1. Writing Down Your Product Concept

Just writing down your product idea may sound simple, but this would help you consider all the aspects of product manufacturing and marketing. This is not the same as a business plan which may change as prospective customers come into the picture. Writing down a product concept means that you have to answer a few key questions which you can go out and test. You would answer all these questions based on your assumptions which you would validate while testing and reduce any risk before launching the product. Some of these questions are:

Who is your customer? 

The answer to this should be very specific based on the product you are launching. If you say that everyone is your customer, you would set a tough time to prioritize. You have to answer the questions of what kind of business you are doing, how big or small your business is, and what type of market you are entering. These would give a clearer idea of how to approach your customers. 

What are the problems your product could solve? 

Many entrepreneurs think that talking about the product features and marketing about how it is the latest technology would attract customers towards them. However, in reality, people would like to buy a product to solve a current problem they are facing. Hence, always start with a problem first, which implies that you have to emphasize what problems your product would solve. You have to first list out all the problems you think the product would solve and also validate with the customers whether they also view it as a problem. The key focus here is to see whether the customers think that the problem is worth solving and would they be ready to spend their money solving it.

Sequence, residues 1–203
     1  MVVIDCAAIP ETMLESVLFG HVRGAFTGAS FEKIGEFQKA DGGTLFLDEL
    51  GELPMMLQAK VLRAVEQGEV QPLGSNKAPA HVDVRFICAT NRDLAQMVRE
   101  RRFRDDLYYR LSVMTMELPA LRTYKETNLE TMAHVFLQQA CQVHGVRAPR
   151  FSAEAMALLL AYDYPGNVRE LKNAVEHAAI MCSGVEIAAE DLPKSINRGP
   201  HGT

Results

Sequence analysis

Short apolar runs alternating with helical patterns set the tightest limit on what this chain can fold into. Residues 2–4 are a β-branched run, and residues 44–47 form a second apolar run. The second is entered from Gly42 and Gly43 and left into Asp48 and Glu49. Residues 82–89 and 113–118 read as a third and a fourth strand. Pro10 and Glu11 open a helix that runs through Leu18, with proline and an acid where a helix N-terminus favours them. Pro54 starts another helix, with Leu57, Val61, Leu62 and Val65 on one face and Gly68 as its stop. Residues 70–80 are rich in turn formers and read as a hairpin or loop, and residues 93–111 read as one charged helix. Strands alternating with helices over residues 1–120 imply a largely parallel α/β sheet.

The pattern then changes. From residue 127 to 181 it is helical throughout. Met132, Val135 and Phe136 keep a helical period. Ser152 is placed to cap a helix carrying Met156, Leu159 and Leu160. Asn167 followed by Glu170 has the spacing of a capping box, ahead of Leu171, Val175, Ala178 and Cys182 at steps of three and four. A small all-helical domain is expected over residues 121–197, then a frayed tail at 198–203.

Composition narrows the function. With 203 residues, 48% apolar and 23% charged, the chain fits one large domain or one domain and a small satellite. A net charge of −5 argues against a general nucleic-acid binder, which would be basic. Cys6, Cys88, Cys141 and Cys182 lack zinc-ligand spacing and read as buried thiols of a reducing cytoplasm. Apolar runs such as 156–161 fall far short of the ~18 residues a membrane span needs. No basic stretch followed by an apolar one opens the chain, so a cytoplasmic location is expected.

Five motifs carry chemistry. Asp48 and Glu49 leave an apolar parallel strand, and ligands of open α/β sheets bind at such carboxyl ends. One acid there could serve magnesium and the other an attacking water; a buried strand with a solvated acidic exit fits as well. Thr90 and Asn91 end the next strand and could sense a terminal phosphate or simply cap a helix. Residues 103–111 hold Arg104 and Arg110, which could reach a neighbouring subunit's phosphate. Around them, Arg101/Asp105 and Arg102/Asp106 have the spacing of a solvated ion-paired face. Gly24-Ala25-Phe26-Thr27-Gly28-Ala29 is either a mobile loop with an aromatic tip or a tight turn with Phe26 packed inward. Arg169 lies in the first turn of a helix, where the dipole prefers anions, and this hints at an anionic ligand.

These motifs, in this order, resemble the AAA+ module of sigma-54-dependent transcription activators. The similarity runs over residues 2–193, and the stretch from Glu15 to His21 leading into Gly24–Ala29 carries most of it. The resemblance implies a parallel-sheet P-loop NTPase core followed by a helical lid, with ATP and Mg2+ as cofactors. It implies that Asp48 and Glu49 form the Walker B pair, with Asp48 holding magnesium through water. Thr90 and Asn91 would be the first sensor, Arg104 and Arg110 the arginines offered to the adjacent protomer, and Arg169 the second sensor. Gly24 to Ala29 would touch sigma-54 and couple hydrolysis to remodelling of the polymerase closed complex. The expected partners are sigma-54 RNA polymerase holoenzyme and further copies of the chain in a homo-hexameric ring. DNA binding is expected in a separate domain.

How would your product solve these problems?

Once you write down the problems, you have to link them back to your product and explain how your product would help them make their lives better. Would your product make them more money, would it help them live a more comfortable life, analyze and look at it in a better way?

What are the key features of your product?

The customers today are smart and know that just technical jargon won’t woo them away into buying the products. Your product features need to be more than cool; it has to solve specific problems which can save them money or time for the customer. Experts advise that building a minimum viable product that has features that provide enough value for the customers to buy, would be a great way to start a product.